I sent my daughter to a one-day essay-writing class for teens. She has never taken a writing class before. The only writing assignments in the past years from me have been written narrations, Charlotte Mason style. I introduced the essay format only a few weeks ago for the first time, though my daughter did have a smattering of written assignments in a Shakespeare class last year. Written narrations have been essentially her only writing assignments until this fall.
I signed up my daughter for the class not only for her to receive instruction and feedback from someone other than me, but because *I* wanted to know how we were doing. How does her writing compare to her peers? Did I ruin her writing by waiting until this year to give formal instruction? Should I have asked her over the years to write about her summer vacations, or about what she wanted to be when she grows up, or about her opinion of grilled cheese vs. peanut butter sandwiches? Is she hampered by not mastering the mechanics of a three-point paragraph? Did I mess up by waiting so long to tell her why clauses and phrases are separated by commas most of the time, but not necessarily always?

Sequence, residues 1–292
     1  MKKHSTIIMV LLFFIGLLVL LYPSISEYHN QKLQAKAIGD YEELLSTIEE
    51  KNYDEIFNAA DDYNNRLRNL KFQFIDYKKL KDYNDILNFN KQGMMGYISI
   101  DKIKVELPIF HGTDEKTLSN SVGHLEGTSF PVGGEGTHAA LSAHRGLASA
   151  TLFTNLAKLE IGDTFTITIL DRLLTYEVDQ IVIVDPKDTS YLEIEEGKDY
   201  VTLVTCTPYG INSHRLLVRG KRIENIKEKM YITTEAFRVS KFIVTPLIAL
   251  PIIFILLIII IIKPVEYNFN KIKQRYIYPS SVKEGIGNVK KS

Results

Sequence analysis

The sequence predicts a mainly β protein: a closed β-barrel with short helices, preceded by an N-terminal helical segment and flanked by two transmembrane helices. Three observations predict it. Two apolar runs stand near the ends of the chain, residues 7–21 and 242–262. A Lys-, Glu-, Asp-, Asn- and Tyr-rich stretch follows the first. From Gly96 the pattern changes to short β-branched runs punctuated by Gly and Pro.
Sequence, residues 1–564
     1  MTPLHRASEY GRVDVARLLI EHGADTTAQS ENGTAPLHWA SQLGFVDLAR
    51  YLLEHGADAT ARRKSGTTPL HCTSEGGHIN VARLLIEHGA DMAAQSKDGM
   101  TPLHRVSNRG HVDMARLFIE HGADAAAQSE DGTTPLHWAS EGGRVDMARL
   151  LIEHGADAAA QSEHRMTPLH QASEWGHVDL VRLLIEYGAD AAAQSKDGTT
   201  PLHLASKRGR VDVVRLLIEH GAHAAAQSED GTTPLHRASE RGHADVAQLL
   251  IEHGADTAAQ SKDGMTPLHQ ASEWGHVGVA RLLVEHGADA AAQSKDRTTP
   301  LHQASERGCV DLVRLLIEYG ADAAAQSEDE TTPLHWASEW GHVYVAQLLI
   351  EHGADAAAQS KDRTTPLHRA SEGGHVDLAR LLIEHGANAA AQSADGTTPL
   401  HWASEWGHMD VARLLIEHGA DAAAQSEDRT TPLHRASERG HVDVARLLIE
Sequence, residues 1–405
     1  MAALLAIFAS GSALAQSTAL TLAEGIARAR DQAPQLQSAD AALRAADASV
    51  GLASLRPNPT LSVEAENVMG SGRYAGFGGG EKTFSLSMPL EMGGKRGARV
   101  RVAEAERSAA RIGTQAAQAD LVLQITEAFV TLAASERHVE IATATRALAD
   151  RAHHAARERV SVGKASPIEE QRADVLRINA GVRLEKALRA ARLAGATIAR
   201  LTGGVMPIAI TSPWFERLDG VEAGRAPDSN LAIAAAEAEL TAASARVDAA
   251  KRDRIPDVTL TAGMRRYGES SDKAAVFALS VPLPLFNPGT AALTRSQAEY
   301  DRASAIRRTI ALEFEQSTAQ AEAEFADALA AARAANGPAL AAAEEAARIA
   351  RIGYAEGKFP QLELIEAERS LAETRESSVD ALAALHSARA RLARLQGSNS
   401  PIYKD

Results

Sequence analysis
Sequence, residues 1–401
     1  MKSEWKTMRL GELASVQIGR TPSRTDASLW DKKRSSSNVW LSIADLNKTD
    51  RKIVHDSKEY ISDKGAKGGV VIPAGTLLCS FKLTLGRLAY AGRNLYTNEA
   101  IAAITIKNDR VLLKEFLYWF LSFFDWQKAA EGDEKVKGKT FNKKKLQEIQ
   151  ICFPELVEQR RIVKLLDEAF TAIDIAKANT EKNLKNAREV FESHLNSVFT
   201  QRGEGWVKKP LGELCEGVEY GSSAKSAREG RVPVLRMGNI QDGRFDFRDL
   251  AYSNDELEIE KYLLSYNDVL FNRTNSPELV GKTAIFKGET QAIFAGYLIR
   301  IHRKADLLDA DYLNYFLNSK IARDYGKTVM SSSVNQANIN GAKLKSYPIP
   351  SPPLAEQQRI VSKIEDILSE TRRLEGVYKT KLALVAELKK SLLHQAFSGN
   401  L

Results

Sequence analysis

"Well, what did the teacher say?"
|Nice place for an essay-writing class, don't you think?|
"Mom," my daughter said, "the class was so much fun!" And I relaxed.
Apparently the instructor complimented her on her vocabulary (thank you, living books!). on her references to examples in literature (thank you, living books!), and on her engaging writing style (thank you, living books!). She also commented on my daughter's legible handwriting (thank you, copywork from living books!).
The area that needs correction is proper use of commas and semi-colons. I already knew we needed to cover the technicalities of punctuation. Not a surprise, and not a problem.
"That's it?" I asked. "Anything else?"
"No, except the teacher told me to keep writing and to keep reading. She said the best way to learn to write is to read a lot."
I know I've heard that advice before. Oh, thank you Charlotte Mason. Thank you, thank you, thank you.